And if that’s not flexible enough for you, Scotty’s “2.5 D Next” concept utilizes large spaces bound by modular walls to define rooms and interiors rather than tiles. This makes the game more travel ready and offers a quick and visually consistent solution for those extemporaneous fights. Personally, I understand the value of the “Next” method, but visually, I still prefer the tiles. Moreover, you get great advice and how-to on dungeon dressing and even some DIY figures. What’s not to love?

Circles and Grids (or lack thereof) 
The second element this renaissance espouses–gridlessness– brings us full circle. You don’t see grids on these tiles (painted tiling notwithstanding). Tapping into the strengths of a miniature wargame style of play, movement can be measured with sticks or strings, and area effects can be indicated with 3D markers. You do give up some certainty and clarity in exchange for directional freedom and more nuanced movements that don’t rely on arbitrary increments, like 5 foot spaces. Spaces don’t have to line up, so terrain placement can be organic and free-form. Uncertainty is also an element embraced by some games. Not being able to pre measure adds a human error factor that can make for a more “realistic” or at least a more “interesting” experience. Also, less clarity can mean greater agency for the GM who gets to arbitrate when “almost” is “good enough.”

Moving (Gridlessly) Forward
The cool thing about 5th edition is that the miniatures rules are optional and flexible. Ranges and effects are given in feet and radii. It’s really up to the individual group to represent or not represent the encounters tangibly, however they want to do it. Since at the moment 5e is my game, I believe I’m going to take that plunge, and what we’ll see coming up on Random Treasure is some of those crafting results.

The First Parcel of Loot: Grandfather Tree!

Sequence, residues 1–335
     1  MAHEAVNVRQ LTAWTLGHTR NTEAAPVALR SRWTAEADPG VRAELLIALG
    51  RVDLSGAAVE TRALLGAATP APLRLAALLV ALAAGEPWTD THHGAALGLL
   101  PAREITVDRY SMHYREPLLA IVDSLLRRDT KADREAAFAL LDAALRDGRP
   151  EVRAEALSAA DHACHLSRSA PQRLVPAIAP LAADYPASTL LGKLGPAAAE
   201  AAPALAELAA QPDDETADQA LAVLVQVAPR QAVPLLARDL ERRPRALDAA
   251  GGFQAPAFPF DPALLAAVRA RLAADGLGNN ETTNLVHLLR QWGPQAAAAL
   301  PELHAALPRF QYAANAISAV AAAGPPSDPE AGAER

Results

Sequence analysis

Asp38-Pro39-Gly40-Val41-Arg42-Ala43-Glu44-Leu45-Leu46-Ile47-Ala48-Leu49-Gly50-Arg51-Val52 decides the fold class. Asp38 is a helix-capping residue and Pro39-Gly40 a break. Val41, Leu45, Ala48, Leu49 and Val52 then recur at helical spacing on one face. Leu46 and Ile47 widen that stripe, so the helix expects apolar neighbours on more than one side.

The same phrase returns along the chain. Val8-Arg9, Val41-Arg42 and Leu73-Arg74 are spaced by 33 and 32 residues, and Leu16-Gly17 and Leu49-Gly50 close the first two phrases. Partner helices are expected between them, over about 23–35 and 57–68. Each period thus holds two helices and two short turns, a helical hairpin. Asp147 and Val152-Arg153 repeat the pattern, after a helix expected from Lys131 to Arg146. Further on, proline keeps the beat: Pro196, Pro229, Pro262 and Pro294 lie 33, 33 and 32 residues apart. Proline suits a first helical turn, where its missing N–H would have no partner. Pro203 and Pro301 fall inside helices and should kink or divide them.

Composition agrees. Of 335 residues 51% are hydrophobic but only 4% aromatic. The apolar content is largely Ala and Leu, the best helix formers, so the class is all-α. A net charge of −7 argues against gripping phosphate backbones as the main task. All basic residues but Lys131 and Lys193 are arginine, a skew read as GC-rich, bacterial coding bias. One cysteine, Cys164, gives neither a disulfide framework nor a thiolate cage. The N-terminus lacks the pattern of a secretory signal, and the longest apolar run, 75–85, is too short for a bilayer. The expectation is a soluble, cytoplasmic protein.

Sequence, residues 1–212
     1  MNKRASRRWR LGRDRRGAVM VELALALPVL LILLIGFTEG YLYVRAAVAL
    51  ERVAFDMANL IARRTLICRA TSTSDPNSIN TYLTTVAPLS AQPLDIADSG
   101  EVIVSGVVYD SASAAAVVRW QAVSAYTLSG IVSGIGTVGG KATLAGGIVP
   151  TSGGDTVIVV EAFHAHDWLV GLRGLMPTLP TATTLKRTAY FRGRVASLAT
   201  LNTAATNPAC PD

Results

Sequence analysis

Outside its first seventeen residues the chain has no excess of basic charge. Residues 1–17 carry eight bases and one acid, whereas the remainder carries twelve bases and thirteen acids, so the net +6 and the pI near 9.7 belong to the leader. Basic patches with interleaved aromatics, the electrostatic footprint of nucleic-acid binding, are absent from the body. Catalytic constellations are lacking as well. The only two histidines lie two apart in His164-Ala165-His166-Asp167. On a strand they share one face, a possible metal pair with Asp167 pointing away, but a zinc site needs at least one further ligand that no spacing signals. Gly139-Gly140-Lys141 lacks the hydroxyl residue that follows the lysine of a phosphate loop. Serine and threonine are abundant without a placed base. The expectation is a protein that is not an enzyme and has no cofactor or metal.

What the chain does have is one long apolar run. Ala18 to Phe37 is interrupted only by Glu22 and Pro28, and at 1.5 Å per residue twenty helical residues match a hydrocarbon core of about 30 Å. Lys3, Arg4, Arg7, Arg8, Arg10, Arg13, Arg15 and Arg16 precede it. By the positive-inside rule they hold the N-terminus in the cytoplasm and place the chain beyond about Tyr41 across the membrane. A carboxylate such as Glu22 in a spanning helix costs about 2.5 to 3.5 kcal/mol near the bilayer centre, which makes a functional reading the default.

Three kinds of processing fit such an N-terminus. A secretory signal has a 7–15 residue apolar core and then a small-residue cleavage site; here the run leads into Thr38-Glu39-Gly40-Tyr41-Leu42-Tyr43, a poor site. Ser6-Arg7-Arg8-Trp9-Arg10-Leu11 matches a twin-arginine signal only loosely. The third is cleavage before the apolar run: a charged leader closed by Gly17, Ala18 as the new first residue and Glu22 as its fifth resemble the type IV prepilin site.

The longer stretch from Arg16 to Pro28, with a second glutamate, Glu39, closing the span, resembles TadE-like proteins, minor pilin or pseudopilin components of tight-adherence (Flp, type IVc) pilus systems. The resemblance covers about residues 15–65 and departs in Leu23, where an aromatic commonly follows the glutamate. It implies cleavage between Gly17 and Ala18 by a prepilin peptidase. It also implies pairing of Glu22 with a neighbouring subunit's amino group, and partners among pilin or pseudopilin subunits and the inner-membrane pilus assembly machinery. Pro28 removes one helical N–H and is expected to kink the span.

“…And all I got was this crummy potion and a bag of copper? I shaved my 10 foot pole for THIS!?!”

10891632_794053540664391_336231525757320486_nHey folks! If, somehow, you managed to stumble across this in your internet wanderings, I thank you for pausing a moment for consideration. I figure this might be a suitable supplement to Facebook to catalog my crafting (mis)adventures and other game related stuff. You may have already been privy to some of this “stuff” if you are an associate of mine on said social network, and if so, my hearty apologies for not blazing new trails with this post. If you’re coming over from my other shenanigans site, then welcome!  Hopefully, we’ll wrap up Season One of the Temple of Elemental Evil “actual play” recordings and, rumor has it, produce the next on YouTube?!?! If so, this “random treasure” will likely feature prominently there.

Alright! Let’s get on with it, shall we?

1010597_645043065565440_6420763520519119221_nGoing waaaay back in time to April of last year (2014) I present Mr. Big Tree!
Needs a better name you say? Well, I envisioned Grandfather Tree from the Forgotten Realms D&D setting. He hangs out in the High Forest, swaying with his bros… That is until a rapacious pack of dwarves swarm outta nowhere!

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“Eat it, Tree Boy!”

I made this guy the DM Scotty Way, that is with super cheap materials and hot glue….lots of hot glue. I probably should have had the camera ready while I was making this, but that’s the thing with extemporaneous experiments, It’s difficult to remember to document, and then it may not turn out so well. Anyway, the armature for this guy was simply made from glued together wooden dowels and tooth picks. Over this, I liberally applied the hot glue to “bulk up” the figure, covering the joints and filling out things where the wooden dowels were too thin. Then, with a smaller glue gun, I added texture to it, blending into the face which I had glued on just before. The glue is translucent and it was difficult to see what I was doing until it was painted, but I got the bark effect I was shooting for.

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I made the face from…believe it or not, Crayola air dry clay. Yeah, if you’re at all familiar with that material, you’re probably shaking your head right now. Let’s just say, it’s not optimal for this kind of stuff. Usually, you can’t squeak out this kind of detail with it, and I’d be hard pressed to do it again, but there it is. Secondly, it’s brittle. At less than a quarter inch thickness, expect it to break. Thirdly, I’ve discovered this “property” of the Crayola air dry, that over time, it tends to crumble.

I put tiny mettle beads in for the eyes. I added plastic leaves and Woodland Scenics clump foliage for canopy and the little bushes on the base. A stone from my driveway made a good accent there too. Also, I used home made sawdust flock for the mossy bits, like on his beard. 485547_644998015569945_2247534753007659404_n
Surprisingly, this figure has held up well. I’ve had it a good year now, and it’s even had a few nose-dives, and it’s still good!  I made the base out of the Crayola stuff, and I notice paint flaking off here and there. I may refashion a new base from Super Sculpey in order to preserve this. The face, thankfully, is yet pristine.

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“HOOM! Bring it on! HOOORAROOM!”